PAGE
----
Now, not being a drummer or a bass player, you have a great excuse for not being able to come up with drum and bass parts. After all, that's why THEY play drums and bass, and why you don't. If they can't listen to your song and come up with parts that work, then your band lacks a decent drummer or bass player.

CT
Could I get some more talent in the monitors, please?

I know it sounds crazy, but try to learn to inhale your voice. www.thebelcantotechnique.com

Chris is the king of relating music things to other objects in real life.
#4
Quote by PartyLikeRyan
Okay, so I am the lead singer and guitar player in an indie rock band. I've been writing music for about 4 years and I've always had trouble writing for a band. If I write a song it usually starts out on an acoustic and later on I'll bring it to the band. I write good songs according to what people have told me and what I think.. But the other members of the band (bass, guitar, drums) have never written music before. So here I am with a room full of unsure eyes looking at me with no idea what to play to my songs. I want the band to be a collaboration of more than one mind but it seems like I'm the only one that knows what I'm doing. I've tried writing parts for everyone but I find it a very overwhelming and stressfull thing to have to do on top of teaching the other members their parts. I don't know what to do right now, if anyone had some advice that would be great.


I know you're situation because I've been it the same one before and yeah it's stressful as **** and it's annoying to do everything, the whole 360. But have you explained to them exactly how stressful it is and why?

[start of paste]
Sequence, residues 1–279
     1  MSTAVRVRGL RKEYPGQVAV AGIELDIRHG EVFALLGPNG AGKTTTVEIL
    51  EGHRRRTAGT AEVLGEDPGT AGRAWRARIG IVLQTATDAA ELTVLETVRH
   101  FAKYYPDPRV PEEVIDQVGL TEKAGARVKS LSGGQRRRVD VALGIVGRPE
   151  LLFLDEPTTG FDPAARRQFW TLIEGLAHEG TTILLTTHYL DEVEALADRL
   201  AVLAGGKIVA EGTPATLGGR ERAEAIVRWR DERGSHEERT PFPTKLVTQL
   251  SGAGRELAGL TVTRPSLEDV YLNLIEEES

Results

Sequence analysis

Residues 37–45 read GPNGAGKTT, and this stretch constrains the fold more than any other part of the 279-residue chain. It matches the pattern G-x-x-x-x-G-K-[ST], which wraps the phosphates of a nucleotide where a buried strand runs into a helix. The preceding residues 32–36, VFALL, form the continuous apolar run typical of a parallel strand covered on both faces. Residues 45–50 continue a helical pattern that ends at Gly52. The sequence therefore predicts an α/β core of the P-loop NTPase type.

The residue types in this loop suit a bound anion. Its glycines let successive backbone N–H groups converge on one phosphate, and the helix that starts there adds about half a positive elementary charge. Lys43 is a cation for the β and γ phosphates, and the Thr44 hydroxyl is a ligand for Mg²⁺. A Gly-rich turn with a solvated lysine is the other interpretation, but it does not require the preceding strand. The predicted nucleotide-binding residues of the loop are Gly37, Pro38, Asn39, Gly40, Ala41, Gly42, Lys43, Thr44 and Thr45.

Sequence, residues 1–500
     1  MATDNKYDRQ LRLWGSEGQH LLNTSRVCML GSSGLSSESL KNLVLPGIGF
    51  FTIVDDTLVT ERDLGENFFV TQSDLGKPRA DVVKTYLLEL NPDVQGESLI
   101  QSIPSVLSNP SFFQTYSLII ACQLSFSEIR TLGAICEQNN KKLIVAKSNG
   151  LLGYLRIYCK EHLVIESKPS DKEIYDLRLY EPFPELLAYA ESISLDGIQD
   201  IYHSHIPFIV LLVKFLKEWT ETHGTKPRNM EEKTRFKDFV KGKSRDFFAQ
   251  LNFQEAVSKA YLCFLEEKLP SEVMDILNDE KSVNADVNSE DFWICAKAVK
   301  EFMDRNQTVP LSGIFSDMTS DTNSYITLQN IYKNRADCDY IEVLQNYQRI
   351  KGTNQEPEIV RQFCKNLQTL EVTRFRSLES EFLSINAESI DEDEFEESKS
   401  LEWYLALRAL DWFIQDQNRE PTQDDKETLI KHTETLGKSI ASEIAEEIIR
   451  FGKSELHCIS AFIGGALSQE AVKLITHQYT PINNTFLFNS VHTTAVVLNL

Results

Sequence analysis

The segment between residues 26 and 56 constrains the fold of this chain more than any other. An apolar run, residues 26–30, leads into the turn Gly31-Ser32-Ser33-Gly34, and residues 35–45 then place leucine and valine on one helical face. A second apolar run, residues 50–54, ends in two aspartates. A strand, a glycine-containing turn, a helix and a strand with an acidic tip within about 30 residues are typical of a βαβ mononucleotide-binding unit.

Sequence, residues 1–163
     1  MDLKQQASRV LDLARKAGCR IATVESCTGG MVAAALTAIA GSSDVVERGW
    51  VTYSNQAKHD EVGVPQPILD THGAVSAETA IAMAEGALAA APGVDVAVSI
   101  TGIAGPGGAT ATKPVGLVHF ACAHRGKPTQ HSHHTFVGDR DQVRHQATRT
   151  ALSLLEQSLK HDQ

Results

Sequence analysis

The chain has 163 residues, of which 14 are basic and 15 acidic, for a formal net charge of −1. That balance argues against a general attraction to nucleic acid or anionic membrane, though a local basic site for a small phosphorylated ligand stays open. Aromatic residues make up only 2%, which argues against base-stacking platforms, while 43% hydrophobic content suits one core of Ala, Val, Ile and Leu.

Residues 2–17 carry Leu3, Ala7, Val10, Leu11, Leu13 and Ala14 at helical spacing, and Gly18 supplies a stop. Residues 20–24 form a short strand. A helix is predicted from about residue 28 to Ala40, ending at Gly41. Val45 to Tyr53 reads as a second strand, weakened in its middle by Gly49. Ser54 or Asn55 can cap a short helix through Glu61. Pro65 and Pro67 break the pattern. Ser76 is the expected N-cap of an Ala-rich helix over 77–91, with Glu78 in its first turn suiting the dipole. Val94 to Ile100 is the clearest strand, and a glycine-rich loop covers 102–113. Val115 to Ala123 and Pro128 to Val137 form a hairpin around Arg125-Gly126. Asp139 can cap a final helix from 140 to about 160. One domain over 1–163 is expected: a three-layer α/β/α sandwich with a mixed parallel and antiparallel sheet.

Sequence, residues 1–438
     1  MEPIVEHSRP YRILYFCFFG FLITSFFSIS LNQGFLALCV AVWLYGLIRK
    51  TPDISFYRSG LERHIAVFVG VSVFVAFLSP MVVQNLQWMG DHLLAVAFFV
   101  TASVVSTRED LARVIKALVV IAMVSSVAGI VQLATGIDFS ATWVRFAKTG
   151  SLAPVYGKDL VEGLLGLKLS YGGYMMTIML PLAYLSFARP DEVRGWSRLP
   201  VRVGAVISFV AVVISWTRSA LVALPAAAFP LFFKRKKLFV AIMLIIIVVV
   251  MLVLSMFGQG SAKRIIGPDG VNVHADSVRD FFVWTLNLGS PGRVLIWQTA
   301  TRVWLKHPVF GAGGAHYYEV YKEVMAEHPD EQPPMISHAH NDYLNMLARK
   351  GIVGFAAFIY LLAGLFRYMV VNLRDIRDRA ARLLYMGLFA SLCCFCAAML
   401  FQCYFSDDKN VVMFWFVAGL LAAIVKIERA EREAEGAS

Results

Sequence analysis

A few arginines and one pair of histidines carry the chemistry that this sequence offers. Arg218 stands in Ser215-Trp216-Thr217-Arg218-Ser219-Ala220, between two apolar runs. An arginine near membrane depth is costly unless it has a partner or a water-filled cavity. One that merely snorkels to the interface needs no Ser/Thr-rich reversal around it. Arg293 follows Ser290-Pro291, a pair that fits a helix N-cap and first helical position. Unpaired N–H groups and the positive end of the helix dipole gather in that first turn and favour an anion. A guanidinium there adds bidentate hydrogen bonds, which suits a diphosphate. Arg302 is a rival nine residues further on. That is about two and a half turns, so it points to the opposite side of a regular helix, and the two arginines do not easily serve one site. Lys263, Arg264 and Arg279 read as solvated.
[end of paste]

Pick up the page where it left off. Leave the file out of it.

Dude, it's all about communication! Tell them, "I can't keep doing your part. I'm only a guitarist, I'm not the whole band. Please help out."
#5
sounds to me like you're in the same boat i was in a little while ago when i was searching for a new band. these guys may be a good bunch of people, and might be able to play instruments well if given tabs or covers to learn (like a lot of people are) but writing original music takes a higher level of talent and skill. i find a lot of people just aren't at that level, and even less are compatible with what you want to write.

-what you should do is currently think of yourself as a "band" with a single person (forget the rest of the guys for a second). think about exactly the direction you want to go with your music and figure out what they want to do. (if they want hard rock covers while you want acoustic originals for example, it wont work out.)